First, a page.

Even more on aging.

I finally had a physical after…several years. You know how it is; you think you’re in great health, minus a few aches, pains, or whatever, until you go to the doctor and they discover all kinds of stuff wrong with you. I have to say, however, that I am blessed with pretty good health, all things considered. I joke that I’ve got great genes, but that’s not necessarily the case. Granted, most of my family have lived to decent old ages, especially my grandmothers. When the nurse asks you for your health history and there’s not much to report, it feels good. I almost felt a little smug. Almost, because I knew what was coming…family history. Any smugness I might have felt a twinge of immediately disappeared and was replaced with mild chagrin. High cholesterol? Yes. Heart disease?  Yes. High blood pressure? Yes. Diabetes? Yes. Cancer? Yes. Did I miss any? I lost track.

So far, the only thing that has affected me is the high cholesterol gene, because my cholesterol has always been borderline with not very optimal lipid levels. My triglycerides were pretty high, so I have to go back in a few months to get tested, again. Since I wasn’t fasting, though, I’m not overly concerned. I’ll just tweak my diet, continue my quest to lose weight, and fast before the next appointment.

Oh, yeah, we also have a lipoma gene. A lipoma is a fatty tumor that is usually benign. Apparently, it runs in the family. I know of one (of my mmmany) cousins who had one removed. What I didn’t know, and apparently neither did they, was that both my parents also had them–quite a few of them. They never knew what they were and never thought to get them checked out or ask about them. Now that my Mom knows what they are, maybe she’ll have them looked into. Granted, they probably are not the size of the one in my back, but still. I’m surprised that in a society so obsessed with lumps (but unable to deal with taking their lumps–but that’s for another day and Facebook rants), my parents weren’t concerned.

I wasn’t really, either, until it got to be big enough to start bothering me. So I had it checked out and had them (there were two, turns out) removed. Thankfully, they were benign. The same day I got the benign news, I got another call that I had to have another mammogram to more closely check out a cluster of calcifications. That was not a welcome phone call. Today I had it done and after the technician took the results to the radiologist to read, they both returned within a couple minutes. He introduced himself, hand extended, and as we grasped hands, in the same breath as his name, he said, “You’re okay.”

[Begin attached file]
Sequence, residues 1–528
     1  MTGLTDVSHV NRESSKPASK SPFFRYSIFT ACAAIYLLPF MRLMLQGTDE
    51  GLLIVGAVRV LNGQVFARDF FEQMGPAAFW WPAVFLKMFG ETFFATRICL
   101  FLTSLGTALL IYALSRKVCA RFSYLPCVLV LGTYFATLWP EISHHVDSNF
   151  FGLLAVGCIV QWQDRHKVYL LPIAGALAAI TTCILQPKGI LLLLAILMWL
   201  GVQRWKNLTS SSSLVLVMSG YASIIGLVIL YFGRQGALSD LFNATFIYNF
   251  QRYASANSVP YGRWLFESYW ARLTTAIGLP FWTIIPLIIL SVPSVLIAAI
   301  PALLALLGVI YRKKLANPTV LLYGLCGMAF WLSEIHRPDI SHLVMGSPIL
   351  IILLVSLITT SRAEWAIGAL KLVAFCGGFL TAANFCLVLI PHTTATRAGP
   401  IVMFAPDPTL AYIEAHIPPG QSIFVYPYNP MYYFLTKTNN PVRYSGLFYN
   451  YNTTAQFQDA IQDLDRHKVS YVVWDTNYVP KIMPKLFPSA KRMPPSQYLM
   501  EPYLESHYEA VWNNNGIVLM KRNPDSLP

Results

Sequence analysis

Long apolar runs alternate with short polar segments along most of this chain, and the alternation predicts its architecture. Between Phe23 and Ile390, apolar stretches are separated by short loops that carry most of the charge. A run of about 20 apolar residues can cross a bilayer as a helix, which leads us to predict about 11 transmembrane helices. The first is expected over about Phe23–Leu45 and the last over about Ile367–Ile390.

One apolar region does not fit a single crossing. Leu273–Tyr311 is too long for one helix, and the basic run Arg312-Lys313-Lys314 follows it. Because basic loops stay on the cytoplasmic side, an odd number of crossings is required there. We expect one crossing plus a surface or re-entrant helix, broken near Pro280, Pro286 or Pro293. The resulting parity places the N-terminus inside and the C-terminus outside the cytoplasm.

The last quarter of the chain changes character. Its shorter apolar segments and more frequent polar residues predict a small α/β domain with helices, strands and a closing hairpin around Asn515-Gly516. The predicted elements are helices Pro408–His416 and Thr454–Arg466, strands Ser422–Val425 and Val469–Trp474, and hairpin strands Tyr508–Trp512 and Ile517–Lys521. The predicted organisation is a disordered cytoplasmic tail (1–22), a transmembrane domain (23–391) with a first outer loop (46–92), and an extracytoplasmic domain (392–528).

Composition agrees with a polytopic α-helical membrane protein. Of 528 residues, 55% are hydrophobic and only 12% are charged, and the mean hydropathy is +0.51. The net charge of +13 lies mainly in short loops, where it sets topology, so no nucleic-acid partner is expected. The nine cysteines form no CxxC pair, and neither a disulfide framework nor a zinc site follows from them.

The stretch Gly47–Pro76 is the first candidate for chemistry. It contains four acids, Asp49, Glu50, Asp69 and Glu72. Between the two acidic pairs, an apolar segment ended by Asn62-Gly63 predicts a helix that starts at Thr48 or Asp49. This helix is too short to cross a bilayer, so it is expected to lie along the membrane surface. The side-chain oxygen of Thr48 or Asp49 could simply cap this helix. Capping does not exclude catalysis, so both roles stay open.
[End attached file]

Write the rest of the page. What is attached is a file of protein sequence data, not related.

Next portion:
Whew!! What a sense of relief I felt, as the apprehension and stress disappeared. I’ve never had this particular medical experience, but always had the “C-word” fear in the back of my mind, even though breast cancer doesn’t run rampant in our family like it does in other people’s; there are only two cases I know of and both my aunts survived and are in their seventies. As far as other cancers, pancreatic cancer is an issue, as is the pancreas, in general, it seems. Time will tell with me on that one. I am definitely at high risk of diabetes, especially since I had gestational diabetes with both pregnancies. Once again, diet and exercise are the key to keeping that in check.

My health concerns are very minimal, especially compared to many people I know; I really have nothing major to complain about and much for which to be grateful–and I am, believe me. Granted, I like to poke fun at myself and what aging issues I am discovering as time passes. Today, however, was an eye-opener for me. Even though the odds were in my favour that cancer would not be the diagnosis, even though I have strong faith in God and His divine will, and even though the few people I told offered encouraging words, when I got that phone call telling me to come back for more testing, I was stressed and a bit fearful. It’s a scary thing, just being presented with the possibility, no matter how minuscule it may be, that you may have a disease that seems to be everywhere we look, whether in the news or amongst people we know and love. And it does seem to be so prevalent, whether it’s breast cancer or some other cancer.

Watching the people we love suffer with cancer–in my life, my father was lost to pancreatic cancer after only a few months, and another friend died after battling breast cancer for almost two years–is exceedingly difficult. Trying to understand what the person whose body is battling the cancer or any serious, potentially fatal disease, and whose heart and soul are also embattled, is probably impossible. All those of us on the sidelines can do, as helpless as we feel, is love them, care for them, be there for them, offer encouragement, and pray that they will win the war and live on with us as long as possible.

Cancer is not a huge issue on my side of the family, but there are several on my Southern Man’s side of the family who have it or are now fighting it. We also have had several friends ranging in age from 5 to 65 that have had it. While it’s hard seeing anyone you love get that disease, the youngest ones, whether it’s a child or a parent with younger children, are some of the most heart-breaking to see get diagnosed and do battle, in my mind. Hopefully, there will soon come a day, when the breakthrough cancer cures we’ve been hearing about and hoping for will finally be figured out. In the meantime, if you or a loved one has cancer or any potentially terminal disease, my heart and prayers are with you.

Words seem so insignificant in this case, don’t they….


About rebelwife

New England wife of a Southern man relocated back to Alabama.
This entry was posted in Health, Life and tagged , , , , , , , . Bookmark the permalink.

2 Responses to Even more on aging.

  1. One of your many cousins Susan says:

    Glad you’re ok Julie! 🙂


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